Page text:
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A resurgence in the chemicals industry is in progress, primarily driven by unprecedented growth in U.S. oil and gas production. The discovery of abundant reserves of natural gas trapped within shale rock and new and economical methods of extraction are the primary factors driving such production growth.

New methods of extraction such as horizontal drilling and hydraulic fracturing have provided access to shale reserves which were earlier inaccessible. They have also lowered associated costs, in turn pushing down prices of many key inputs for petrochemical production and ethane in particular. Ethane is used to produce ethylene, the starting point in the production of plastics like polyethylene.

As a result, petrochemical majors like The Dow Chemical Company (DOW - Analyst Report), Exxon Mobil Corporation (XOM - Analyst Report) and CPChem – a joint venture of Chevron Corporation (CVX - Analyst Report) and Phillips 66 (PSX - Analyst Report) – are helping the U.S. chemicals sector grow by setting up facilities to produce ethylene from ethane. Yet, only about three years ago the chemicals industry was projected to decline over the long term.

The likes of Dow Chemical were earlier considering investing in the Middle East and going into production of specialized products. However, the shale powered resurgence has changed the situation quite radically. According to the chief economist of the American Chemistry Council (ACC), the U.S. is now the ideal location for chemical manufacturers.

The ACC says that no fewer than 17 projects have been initiated only to produce ethane from ethylene. The companies setting up these projects are not limited to the U.S. Royal Dutch Shell plc (RDS.A - Analyst Report), LyondellBasell Industries NV(LYB - Analyst Report), Braskem S.A. (BAK - Snapshot Report) of Brazil and Formosa Plastics from Thailand are also looking to set up facilities for ethylene production.

Goldman Sachs Group Inc. (GS - Analyst Report) believes that shale gas investments and production are being driven by the high prices of crude oil worldwide. This has led to the higher investment in the U.S. oil and gas industry. In 2011, exploration and production expenditure amounted to $138 billion in the U.S. compared to $35 billion in China, $10 billion in Russia and $5 billion in Saudi Arabia. Goldman Sachs’ global head of commodity research believes that a tax regime which is favorable has also led to an increase in investments.

The rise in crude prices has subsequently led to an increase in the cost of naptha, which is produced from oil. Naptha accounts for around half of the world’s ethylene production and now costs around $100 a barrel, increasing marginally over last year. On the other hand, the price of ethane has declined from 80 cents from over a year ago to below 23 cents. This is a consequence of the additions to natural gas capacity over the period.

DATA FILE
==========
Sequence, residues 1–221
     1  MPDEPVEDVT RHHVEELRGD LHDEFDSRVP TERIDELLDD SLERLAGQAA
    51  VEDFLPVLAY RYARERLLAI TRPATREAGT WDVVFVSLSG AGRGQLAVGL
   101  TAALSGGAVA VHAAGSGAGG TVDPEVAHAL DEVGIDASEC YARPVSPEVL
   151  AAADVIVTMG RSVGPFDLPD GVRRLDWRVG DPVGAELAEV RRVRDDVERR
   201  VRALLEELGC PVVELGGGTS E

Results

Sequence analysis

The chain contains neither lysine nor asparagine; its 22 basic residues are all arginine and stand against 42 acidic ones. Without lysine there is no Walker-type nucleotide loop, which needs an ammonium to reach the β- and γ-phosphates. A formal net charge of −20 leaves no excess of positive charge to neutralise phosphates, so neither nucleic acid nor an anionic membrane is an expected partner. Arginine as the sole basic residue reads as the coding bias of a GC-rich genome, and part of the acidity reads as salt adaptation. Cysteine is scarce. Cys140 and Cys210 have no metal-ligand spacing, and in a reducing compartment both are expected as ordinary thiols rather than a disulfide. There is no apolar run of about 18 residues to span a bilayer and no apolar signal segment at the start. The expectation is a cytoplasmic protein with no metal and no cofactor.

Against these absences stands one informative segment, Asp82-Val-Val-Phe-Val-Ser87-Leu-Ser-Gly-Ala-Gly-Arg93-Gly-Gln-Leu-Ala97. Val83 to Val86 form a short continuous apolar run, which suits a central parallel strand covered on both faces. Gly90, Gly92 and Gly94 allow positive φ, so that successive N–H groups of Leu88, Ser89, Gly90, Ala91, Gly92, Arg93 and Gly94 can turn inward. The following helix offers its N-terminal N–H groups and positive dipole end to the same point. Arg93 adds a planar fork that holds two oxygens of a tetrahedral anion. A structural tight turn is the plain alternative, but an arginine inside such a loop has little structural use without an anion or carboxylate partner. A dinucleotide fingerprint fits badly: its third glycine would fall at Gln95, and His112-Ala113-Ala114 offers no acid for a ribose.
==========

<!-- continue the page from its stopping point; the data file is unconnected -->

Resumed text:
It is of course generally being accepted that the price of ethane will increase over time. The chief executive of Dow Chemical, Andrew Liveris believes prices will stabilize on the higher side of thirty cents. But investment research group Alembic believes that even if ethane costs between 40-50 cents per gallon, the cost of production of ethylene will be between $400-500 a ton in the U.S. compared to $1,200 a ton in Europe. This has led to companies like Bayer setting up ethane manufacturing facilities in the U.S.

Not just the chemicals sector, the rise in shale gas production has led to positive effects for the entire economy. Prices of electricity have fallen and energy independence has increased. Former U.S. secretaries of energy Bill Richardson and Spencer Abraham believe the U.S. could even emerge as a net exporter of liquefied natural gas by 2016. The U.S. Department of Energy thinks LNG exports could in turn spark off $47 billion in new economic activity for the U.S. by 2020.

Additionally, the use of gas in place of coal to generate power has led to carbon emissions in the U.S. falling to levels last witnessed in 1992 in the first quarter of 2012.  Clearly, the shale gas revolution is here to stay.

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